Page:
Traditional news anchors and TV presenters could become holographic figures beamed directly into your living room. This shift would eliminate the need for studios and on-location shoots, reducing costs and logistics for broadcasting companies.
- Realistic Virtual Interviews:
Holographic interviews could become commonplace. Instead of scheduling in-person or remote video interviews, TV shows could feature lifelike holographic conversations. This approach would offer viewers a more engaging and visually stimulating experience.
- Interactive Sports Coverage:
Sports broadcasting is likely to undergo a significant transformation. Holographic technology could allow viewers to watch games from any angle as if they were on the field. Virtual replays, immersive stats display, and even the ability to “walk” onto the field during a live game could become a reality.
- Dynamic Advertisement Integration:
Advertising in television and broadcasting could become highly personalized and interactive. Holographic ads could be seamlessly integrated into shows, allowing viewers to engage with products and services in real time. For example, viewers might interact with a holographic car advertisement, virtually exploring its features.
- Enhanced Teleconferencing:
Holographic technology will revolutionize teleconferencing. Business meetings and interviews could feature lifelike holographic representations of participants, providing a more natural and engaging communication experience.
- Reimagined Studio Design:
With the advent of holographic technology, studios may no longer require physical sets. Virtual studios could be created digitally, reducing production costs and offering limitless creative possibilities. Newsrooms, for example, could be entirely virtual, designed to change themes instantly.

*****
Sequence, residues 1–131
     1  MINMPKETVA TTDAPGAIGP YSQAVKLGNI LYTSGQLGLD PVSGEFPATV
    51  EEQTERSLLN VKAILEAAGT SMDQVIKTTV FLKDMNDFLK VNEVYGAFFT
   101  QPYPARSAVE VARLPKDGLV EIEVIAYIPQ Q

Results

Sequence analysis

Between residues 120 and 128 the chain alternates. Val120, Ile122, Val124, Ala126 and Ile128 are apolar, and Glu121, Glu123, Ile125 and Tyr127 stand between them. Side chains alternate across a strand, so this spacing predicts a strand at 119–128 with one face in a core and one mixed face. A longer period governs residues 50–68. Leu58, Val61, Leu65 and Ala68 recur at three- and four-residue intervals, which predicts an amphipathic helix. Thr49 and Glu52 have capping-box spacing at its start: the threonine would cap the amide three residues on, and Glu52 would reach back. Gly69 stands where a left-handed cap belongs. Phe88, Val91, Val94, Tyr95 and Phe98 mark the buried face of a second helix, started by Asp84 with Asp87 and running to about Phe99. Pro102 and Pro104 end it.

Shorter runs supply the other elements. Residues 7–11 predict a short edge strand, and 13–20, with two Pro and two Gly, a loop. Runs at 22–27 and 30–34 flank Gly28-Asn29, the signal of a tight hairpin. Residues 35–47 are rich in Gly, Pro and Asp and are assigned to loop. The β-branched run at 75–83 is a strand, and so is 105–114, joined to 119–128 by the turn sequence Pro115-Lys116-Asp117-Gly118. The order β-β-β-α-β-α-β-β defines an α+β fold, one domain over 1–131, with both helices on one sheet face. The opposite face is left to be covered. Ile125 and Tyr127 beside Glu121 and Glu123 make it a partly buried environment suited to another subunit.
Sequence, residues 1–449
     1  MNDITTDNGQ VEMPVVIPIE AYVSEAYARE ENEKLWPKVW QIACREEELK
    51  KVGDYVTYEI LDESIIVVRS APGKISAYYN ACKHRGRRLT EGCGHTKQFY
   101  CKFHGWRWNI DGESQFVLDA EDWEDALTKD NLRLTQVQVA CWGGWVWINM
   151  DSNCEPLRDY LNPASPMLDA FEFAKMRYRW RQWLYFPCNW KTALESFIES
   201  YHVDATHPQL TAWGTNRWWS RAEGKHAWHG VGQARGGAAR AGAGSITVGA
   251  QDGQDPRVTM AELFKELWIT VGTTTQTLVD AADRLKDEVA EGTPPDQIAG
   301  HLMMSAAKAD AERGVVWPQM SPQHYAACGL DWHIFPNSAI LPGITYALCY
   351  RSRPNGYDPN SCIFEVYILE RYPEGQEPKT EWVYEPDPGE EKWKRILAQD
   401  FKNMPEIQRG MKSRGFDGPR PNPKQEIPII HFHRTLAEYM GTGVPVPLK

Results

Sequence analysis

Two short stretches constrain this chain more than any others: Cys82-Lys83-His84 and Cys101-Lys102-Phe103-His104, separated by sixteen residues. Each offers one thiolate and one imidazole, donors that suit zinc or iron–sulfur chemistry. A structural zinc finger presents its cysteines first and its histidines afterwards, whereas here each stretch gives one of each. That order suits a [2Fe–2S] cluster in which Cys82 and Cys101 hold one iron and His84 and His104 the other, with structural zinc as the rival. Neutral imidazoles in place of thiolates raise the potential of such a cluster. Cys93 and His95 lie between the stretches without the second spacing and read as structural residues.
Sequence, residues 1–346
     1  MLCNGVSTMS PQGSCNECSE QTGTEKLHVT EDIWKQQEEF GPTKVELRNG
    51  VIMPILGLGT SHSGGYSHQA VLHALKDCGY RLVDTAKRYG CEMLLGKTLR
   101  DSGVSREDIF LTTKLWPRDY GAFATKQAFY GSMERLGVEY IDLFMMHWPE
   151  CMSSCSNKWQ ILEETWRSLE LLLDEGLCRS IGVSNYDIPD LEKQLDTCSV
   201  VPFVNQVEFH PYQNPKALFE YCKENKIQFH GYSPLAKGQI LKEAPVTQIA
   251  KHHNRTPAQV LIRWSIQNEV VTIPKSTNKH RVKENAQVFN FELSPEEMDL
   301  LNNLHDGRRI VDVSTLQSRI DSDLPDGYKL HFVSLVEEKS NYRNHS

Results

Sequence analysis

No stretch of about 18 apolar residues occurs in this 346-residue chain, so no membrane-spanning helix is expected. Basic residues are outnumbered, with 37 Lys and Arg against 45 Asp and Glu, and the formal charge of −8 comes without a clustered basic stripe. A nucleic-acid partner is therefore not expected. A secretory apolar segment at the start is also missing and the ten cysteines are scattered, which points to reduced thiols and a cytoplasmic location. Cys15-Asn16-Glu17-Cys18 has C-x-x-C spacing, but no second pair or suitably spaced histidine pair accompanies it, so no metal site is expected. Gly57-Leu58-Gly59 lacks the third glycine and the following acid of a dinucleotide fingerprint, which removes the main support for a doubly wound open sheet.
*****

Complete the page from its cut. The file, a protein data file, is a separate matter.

Leaders in Hologram Technology
Several companies are at the forefront of holographic technology:
Musion 3D Ltd: Known for realistic, life-sized, interactive 3D holographic video shows.
MDH (Magical Dynamic Hypnotic) Hologram Ltd: A pioneer with patented 3D holographic projection systems.
VNTANA: A leader in social augmented reality, creating interactive hologram experiences.
Kaleida: Renowned for creating immersive holographic experiences.
Light Field Lab: Innovators in holographic displays with a focus on large-scale experiences.
Google: Premiered Project Starline, pushing the boundaries of holographic communication.
HoloLens vs. Hologram: Unveiling the Differences
HoloLens is a mixed reality headset that projects 3D holograms onto lenses, blending virtual elements with the real world. On the other hand, true holograms, as seen in Proto’s technology, don’t require headsets and appear as if they exist in the physical world. HoloLens incorporates sensors, cameras, and voice commands to enable interaction, while holograms are self-contained visual experiences.